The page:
Ok, it's great to be modest and humble, to express freely your weaknesses and sympathize with others who don't pick up math like a thief picking up your dropped wallet. But no need to lock yourself in to a self-defeating mindset! If you need to work a little harder, then work a little harder. That's all. Believe in yourself.

I have no way of defining myself now. Thanks.
That's kind of the goal, but not everyone will be completely comfortable with the notion.

There is no need to have a set identity. Nothing about us remains the same, over time, anyway. Emotions only last a few seconds, we change our minds all the time, our politics change as we age and experience the world, our health and finances affect our perceptions, a good exam grade or positive feedback from the boss can make a "lost cause" to seem beyond manageable.

So, if all of this is going to change anyway, why bother labelling yoursef when it will probably lead to disappointments and grumpiness? We connect to others best when we don't have cake-preferences and skillset views distracting us from really hearing and feeling what the other person is saying. Just laugh it off, and when people shake their heads and condescend with "You've changed," just shrug.

"We're always changing."


Follow-up reading: is there some part of us that doesn't change? One wise man's perspective.

Friday, November 19, 2010

are you special?

People all want to fit in, want to be respected and loved by the world for who they are, accepted. It feels great to be part of a community, to work together towards a common goal and participate alongside others. I like to think of it as us all being individual cells in a common, larger body -- I'm sure other people have found similar metaphors. Except maybe it's not even a metaphor at all, but how reality works!
The ego (in the Buddhist sense, not the Freudian sense) has a different aim; the ego wants us to be special, set apart, unique. To be (or at least be seen as) the most _____, the worst _____, the best _____, having the most extreme experiences -- and deserving extra attention for it. But setting oneself apart doesn't actually lead to long-term happiness. Instead it is a path leading only to isolation and that deep-seated agony because "no one understands you".

The drive to be special, to be separate, is a drive we all have to acknoledge and then ignore. Sure, for the greater good we can strive to be the best at, say, solving global warming or something, but the point should be solving the problem, not in happening to be #1 at it.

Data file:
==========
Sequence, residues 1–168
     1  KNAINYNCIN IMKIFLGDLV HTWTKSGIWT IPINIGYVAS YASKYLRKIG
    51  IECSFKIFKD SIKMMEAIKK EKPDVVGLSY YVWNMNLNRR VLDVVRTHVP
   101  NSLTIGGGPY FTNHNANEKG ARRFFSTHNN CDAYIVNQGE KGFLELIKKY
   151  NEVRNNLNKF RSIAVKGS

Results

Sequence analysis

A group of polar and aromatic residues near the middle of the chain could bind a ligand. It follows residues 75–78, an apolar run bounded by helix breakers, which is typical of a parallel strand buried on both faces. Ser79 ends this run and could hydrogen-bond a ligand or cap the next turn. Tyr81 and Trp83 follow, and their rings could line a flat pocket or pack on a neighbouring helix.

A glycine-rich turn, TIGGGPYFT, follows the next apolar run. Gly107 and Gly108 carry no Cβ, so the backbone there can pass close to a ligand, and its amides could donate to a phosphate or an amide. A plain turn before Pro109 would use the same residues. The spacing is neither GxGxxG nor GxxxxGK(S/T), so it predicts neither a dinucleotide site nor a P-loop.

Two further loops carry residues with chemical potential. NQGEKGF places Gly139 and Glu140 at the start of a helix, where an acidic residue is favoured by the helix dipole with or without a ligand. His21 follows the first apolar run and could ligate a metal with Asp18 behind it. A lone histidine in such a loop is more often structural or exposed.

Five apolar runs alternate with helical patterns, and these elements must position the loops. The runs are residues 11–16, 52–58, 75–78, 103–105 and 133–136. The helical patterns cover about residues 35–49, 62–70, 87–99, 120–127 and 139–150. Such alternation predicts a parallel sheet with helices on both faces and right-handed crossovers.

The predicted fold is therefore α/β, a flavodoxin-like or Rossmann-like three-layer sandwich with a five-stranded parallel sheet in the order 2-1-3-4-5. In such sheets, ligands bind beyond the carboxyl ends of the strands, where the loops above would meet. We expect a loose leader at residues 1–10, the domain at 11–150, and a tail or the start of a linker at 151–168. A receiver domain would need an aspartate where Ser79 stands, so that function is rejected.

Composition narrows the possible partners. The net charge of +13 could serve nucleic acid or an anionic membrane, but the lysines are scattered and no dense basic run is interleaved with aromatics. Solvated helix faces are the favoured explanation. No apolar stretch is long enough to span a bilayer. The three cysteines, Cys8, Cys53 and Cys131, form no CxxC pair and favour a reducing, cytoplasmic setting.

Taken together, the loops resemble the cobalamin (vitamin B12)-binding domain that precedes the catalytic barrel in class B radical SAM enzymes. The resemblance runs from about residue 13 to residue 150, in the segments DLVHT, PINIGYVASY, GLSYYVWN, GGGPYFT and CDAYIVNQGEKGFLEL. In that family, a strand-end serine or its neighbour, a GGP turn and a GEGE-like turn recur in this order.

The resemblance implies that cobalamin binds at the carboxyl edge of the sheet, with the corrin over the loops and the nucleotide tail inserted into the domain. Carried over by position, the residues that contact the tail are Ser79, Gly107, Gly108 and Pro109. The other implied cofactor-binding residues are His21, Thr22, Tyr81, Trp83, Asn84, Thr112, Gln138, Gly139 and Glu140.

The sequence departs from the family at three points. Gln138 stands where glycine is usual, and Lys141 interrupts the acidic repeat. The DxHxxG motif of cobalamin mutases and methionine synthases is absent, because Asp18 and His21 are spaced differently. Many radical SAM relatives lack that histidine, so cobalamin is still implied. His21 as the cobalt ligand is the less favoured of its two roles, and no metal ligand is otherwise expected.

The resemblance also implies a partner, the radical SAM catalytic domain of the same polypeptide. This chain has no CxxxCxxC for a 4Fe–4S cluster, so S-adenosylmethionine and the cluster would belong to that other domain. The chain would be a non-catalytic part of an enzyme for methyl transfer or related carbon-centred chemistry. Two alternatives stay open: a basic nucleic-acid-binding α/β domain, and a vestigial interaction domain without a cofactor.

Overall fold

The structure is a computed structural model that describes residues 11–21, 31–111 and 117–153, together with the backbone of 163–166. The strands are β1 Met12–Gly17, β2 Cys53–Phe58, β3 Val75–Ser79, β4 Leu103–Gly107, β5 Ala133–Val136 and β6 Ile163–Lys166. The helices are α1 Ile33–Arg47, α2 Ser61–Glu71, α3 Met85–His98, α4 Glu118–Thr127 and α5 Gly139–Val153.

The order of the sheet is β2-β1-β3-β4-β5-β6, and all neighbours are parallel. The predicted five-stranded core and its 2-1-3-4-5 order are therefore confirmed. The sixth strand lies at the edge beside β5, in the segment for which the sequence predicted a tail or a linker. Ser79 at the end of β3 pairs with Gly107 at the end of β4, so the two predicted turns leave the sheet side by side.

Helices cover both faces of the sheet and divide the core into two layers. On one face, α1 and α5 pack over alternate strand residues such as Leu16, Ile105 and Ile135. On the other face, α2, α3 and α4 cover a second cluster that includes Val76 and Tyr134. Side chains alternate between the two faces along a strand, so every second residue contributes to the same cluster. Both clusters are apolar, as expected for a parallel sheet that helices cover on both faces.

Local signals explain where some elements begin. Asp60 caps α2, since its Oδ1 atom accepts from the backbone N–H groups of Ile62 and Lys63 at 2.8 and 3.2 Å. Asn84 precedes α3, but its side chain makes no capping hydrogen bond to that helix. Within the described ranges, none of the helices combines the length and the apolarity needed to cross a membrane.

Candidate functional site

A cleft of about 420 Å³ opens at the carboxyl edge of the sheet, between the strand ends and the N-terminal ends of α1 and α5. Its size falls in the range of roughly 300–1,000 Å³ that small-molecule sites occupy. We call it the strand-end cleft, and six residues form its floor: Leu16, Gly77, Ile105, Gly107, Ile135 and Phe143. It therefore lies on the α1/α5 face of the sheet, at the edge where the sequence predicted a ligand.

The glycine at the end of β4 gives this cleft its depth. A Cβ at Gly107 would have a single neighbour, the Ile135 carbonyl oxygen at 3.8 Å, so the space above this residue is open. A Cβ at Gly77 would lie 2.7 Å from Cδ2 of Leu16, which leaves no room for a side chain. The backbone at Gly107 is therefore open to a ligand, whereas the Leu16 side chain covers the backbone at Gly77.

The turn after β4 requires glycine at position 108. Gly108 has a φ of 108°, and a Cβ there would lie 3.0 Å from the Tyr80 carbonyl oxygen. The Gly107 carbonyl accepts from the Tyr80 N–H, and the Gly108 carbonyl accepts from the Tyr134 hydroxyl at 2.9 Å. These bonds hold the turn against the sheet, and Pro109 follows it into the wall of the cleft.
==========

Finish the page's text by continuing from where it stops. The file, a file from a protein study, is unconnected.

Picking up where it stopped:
We like to think our experiences are pretty special. Why else would we get to experience them? Things are pretty intense, after all! Well, sure. And it's great to be so in the moment that what might otherwise be mundane feels fully profound. Being alive is supposed to be awesome and intense, even when just pouring milk over your cereal! But should this entitle you to extra attention or whatnot?

The short-term vindication of having your uniqueness acknowledged tends quickly to become both a craving for more of the same and a disorientation from the resulting separation from the rest of the community.

Hahaha, ok, this probably seems petty when talking about things like how you managed to blow out ALL your birthday candles on the first exhalation. I'll cut to the chase.

I too like to think I am a bit special. I am synaesthetic, so I hear my sense of touch, and see tastes and smells, etc. It's pretty cool I guess, took a while growing up before I realized how much this differs from the ordinary experience. Also, I'm smart (doing really well at school and scoring really well on those tests), I sometimes can do creative things kinda well, etc. And just this past week the doctors are saying I'm almost certainly epileptic.

I guess that makes me special!

But to get lost in the chatter of my mind, parading in the glow of self-congratulatory affirmation of how, fuck yes, I am pretty darn special, different from all those other people in substantial ways, etc., well, that doesn't do me any good. Not to say someone with amazing composition abilities should suddenly stop writing music just to blend in with the crowd. No, no, use your talents and skills and uniqueness to contribute to this place as best you can! Just don't except special treatment or let it get to your head.

I guess what I'm trying to say is: despite spending most of our teenage years looking for ways to set ourselves apart, it's a duty to ourselves, our sanity and our society to nod kindly to the ego, give it a head pat, and tuck it aside. It doesn't get you anywhere. Do your best, don't require or seek out recognition, and see that it's actually pretty great to reclaim your spot alongside everyone else as an Awesome Human.

Monday, November 15, 2010


Have you heard of Rosey Grier? No? Don't google him; I've made a fact sheet with all you really need to know: